Capital markets: Spring is coming
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Capital markets: Spring is coming

Some issuers are grabbing the opportunities offered by a new capital markets year. Others would do well to face reality sooner rather than later.

Photo: iStock

The start of the bank earnings season means an opportunity to survey the smoking ruin of 2022 in capital markets.

The early signs – based on the US firms that had reported at the time of writing – is that debt capital markets revenues are set to post drops of 40% to 50%, equity capital markets something closer to 75% and advisory about 25%.

The unfamiliar picture of rising rates left some asset classes in tatters: global high-yield issuance collapsed 80% in 2022.

Capital markets bankers must hope that there is a healthy dose of capitulation among issuers in 2023. They may get their wish, or at least an improvement over the past 12 months.

Human beings have a natural bias to the familiar, and so there is an understandable myopia in parts of the debt market

Some businesses have come out of the blocks like their lives depend on it: take European financial institutions, which posted a blistering $82 billion of issuance in the first two weeks of January – there hasn’t been a new year like that since the global financial crisis (GFC).

FIG is an asset class that, more than most, waxes and wanes with the regulatory tide. This time the drivers are tweaks to capital rules and the latest slug of repayments of what was borrowed under the third targeted longer-term refinancing operation (TLTRO III) from the European Central Bank.

Jittery conditions last year also put paid to much of the usual pre-funding – there is some catching up to be done.

Some corporates would do well to learn from the example. As 2022 rolls into 2023, the elephant in the room is the urgent need for many lower-rated companies – from the small to the very big – to pay close attention to their capital structure.

New pricing

If there is one over-riding theme for the year ahead it is that borrowers will have to face up to what they have in large part been avoiding for much of the last year: that they must come to terms with a new pricing reality.

Those that got used to borrowing at 1% must get used to 5% – and that is for the better names. And the increases haven’t stopped yet.

Human beings have a natural bias to the familiar, and so there is an understandable myopia in parts of the debt market; what seems clearest to issuers is the recent period of low rates; longer-term norms seem blurred by comparison.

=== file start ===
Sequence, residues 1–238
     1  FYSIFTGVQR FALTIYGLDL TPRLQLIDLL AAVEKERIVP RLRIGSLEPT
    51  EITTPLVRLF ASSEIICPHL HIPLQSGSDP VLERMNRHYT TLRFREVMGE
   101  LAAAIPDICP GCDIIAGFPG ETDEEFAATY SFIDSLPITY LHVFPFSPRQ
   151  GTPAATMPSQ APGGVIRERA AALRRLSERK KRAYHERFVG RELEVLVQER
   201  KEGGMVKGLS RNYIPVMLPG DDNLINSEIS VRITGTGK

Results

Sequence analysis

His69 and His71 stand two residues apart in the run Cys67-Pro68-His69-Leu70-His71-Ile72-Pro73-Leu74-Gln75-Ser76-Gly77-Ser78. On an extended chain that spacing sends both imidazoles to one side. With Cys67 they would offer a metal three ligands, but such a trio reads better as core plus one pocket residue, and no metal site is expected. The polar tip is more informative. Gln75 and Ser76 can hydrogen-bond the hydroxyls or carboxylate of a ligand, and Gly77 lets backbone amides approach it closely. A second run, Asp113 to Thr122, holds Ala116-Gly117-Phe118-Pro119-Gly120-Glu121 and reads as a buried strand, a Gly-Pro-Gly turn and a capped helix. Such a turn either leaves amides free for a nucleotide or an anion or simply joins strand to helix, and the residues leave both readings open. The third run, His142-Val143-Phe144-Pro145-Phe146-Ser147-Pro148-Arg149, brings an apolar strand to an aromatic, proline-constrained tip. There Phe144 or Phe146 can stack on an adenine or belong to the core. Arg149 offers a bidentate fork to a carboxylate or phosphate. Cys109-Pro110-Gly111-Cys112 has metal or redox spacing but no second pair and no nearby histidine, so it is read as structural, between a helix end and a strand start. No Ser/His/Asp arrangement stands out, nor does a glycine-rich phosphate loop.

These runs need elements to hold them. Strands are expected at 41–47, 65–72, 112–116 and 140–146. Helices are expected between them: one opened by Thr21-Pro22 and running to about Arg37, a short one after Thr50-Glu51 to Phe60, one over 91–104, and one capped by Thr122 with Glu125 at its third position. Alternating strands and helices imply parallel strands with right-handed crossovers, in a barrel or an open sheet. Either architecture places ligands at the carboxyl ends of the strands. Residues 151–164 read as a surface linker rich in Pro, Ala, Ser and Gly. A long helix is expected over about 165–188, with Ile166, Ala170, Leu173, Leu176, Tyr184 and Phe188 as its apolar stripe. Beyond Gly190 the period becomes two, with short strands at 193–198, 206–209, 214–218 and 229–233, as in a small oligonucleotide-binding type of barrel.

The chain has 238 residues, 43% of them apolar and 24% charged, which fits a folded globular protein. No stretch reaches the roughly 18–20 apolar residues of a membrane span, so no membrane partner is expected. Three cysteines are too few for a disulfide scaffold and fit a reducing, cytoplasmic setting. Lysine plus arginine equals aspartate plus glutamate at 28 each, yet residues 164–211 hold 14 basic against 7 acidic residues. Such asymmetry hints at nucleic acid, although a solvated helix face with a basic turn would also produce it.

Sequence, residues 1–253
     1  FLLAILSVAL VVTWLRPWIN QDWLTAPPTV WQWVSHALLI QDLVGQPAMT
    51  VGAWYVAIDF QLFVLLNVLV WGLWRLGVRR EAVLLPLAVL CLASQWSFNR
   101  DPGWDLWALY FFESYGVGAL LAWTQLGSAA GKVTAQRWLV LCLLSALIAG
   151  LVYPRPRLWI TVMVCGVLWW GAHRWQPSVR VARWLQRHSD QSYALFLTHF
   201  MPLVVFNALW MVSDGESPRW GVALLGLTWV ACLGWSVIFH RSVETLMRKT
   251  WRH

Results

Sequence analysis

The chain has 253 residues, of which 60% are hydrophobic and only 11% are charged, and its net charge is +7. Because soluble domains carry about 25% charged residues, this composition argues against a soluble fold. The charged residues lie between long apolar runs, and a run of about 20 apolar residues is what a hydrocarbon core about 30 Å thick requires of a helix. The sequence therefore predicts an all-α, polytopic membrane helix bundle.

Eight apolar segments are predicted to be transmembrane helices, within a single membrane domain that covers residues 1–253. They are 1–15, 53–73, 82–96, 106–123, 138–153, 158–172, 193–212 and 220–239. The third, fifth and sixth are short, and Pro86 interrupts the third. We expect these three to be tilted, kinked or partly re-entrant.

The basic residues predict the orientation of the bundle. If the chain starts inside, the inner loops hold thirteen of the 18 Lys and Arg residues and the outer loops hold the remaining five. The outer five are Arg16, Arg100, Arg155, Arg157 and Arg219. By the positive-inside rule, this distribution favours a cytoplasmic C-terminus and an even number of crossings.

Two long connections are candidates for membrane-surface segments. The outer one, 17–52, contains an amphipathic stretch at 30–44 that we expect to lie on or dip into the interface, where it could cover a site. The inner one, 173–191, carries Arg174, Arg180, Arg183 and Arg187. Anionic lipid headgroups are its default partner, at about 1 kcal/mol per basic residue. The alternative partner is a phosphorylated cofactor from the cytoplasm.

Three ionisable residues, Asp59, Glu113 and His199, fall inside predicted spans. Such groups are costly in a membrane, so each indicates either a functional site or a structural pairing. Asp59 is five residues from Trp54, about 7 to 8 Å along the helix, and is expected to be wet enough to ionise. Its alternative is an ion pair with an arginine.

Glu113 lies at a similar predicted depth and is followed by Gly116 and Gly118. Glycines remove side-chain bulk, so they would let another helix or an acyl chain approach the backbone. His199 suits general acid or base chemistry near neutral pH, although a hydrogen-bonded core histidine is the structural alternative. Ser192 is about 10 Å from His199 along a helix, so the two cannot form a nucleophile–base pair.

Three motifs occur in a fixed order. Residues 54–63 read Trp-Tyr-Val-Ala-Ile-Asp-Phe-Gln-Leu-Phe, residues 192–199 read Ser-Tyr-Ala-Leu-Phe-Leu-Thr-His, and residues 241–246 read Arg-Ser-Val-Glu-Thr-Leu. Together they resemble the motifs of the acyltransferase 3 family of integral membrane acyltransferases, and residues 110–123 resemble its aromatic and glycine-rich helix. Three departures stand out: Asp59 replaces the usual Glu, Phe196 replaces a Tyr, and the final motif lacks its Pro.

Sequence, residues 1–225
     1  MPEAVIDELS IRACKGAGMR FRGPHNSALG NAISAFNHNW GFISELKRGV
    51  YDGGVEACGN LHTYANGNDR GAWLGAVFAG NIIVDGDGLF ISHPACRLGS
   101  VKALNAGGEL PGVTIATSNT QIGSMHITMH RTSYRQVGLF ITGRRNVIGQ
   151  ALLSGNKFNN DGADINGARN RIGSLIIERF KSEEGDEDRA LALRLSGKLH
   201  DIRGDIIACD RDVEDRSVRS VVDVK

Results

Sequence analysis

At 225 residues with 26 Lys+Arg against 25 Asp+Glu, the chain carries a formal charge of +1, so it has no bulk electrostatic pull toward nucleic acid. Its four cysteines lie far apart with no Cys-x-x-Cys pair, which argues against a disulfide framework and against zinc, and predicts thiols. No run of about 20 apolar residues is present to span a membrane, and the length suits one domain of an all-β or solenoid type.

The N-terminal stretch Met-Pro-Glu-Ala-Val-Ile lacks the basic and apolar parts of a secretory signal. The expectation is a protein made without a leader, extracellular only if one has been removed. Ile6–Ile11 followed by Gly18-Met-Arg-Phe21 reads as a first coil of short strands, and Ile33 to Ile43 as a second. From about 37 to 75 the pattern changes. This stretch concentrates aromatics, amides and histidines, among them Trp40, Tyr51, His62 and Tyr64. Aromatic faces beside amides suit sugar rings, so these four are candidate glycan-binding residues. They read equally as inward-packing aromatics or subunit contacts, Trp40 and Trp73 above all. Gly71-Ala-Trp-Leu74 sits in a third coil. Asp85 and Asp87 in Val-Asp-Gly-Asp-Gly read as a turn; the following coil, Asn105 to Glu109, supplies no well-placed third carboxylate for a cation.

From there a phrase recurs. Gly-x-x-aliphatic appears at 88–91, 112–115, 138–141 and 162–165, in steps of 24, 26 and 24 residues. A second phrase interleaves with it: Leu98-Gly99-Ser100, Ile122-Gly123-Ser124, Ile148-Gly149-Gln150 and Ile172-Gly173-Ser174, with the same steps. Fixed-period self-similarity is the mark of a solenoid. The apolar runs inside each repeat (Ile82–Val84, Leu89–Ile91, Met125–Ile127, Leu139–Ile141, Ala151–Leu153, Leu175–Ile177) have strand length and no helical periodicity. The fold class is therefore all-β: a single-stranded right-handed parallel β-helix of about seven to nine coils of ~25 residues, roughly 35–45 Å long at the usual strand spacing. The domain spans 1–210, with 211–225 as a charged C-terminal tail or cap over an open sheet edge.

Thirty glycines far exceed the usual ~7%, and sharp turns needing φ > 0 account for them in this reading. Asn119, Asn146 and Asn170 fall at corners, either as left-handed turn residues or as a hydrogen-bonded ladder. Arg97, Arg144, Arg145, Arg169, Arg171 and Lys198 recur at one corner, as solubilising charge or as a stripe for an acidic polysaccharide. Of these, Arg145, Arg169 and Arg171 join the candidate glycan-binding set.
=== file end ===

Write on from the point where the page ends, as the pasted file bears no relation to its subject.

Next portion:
It has been a similar story in equities: investors’ views of valuations warped by the heady days of 2021.

In that sense, a new year brings a useful opportunity to reset. The reluctance of investors to put money to work late in a year – for fear of jeopardising year-to-date performance – is well known. Now there is a chance for issuers to reassess their viewpoint too.

Bankers are telling any client who will listen that it is the 12 months just ended that should be their reference point, not the crazy two years before that – or, for that matter, the crazy decade before that.

Will borrowers jump? Again, recent history is a poor guide, given how many have been able to bide their time during the first year of the rate-hiking cycle.

Largely unthreatened by any maturity wall and having in many cases raised pots of (often unneeded) cash when the coronavirus pandemic struck in 2020, the best rated corporates have been able to sit it out.

In this sense the downturn last year was different to the beginning of Covid or the teeth of the GFC, because borrowers had termed out their debt while the going was good.

That will change: maturities are looming in 2023 and 2024. And while there is plenty of debate around terminal rates – the highest point in a rate cycle – there is little doubt about one aspect of the longer-term horizon. Whenever rates stop rising, they will stay high for a long time.

And when they finally fall, it will not be to zero.

Recession risk

For those reasons, while last year was a down-year for corporate investment-grade issuance, this year is expected to be different. Investment-grade fund flows were negative in the first half of 2022 but turned positive later in the year, and there is plenty to be deployed.

Much depends, of course, on recession risk. Some bankers reckon that the pessimists have it wrong, that Europe’s recession, if it comes, might be shallow. The US might avoid it altogether.

When it comes to the outlook for inflation, there are certainly indicators that support the optimists: freight rates are falling, inventories are down, demand is weakening, labour markets are easing (the UK is a notable exception).

So far, corporate investment-grade activity is lower than the same period in the last four years. High-yield issuance is practically non-existent.

If the pessimists are right on the macro picture, then many companies will only see worse pressure on their top lines while struggling with debt burdens built up when times were easy.

At some point, reality must set in. Borrowers must accept where the markets now are. The worst-rated must give serious thought to their ability to cover their interest payments.

IPO activity might be minimal for a while longer, but the re-equitization of many balance sheets must be top of the agenda in 2023.

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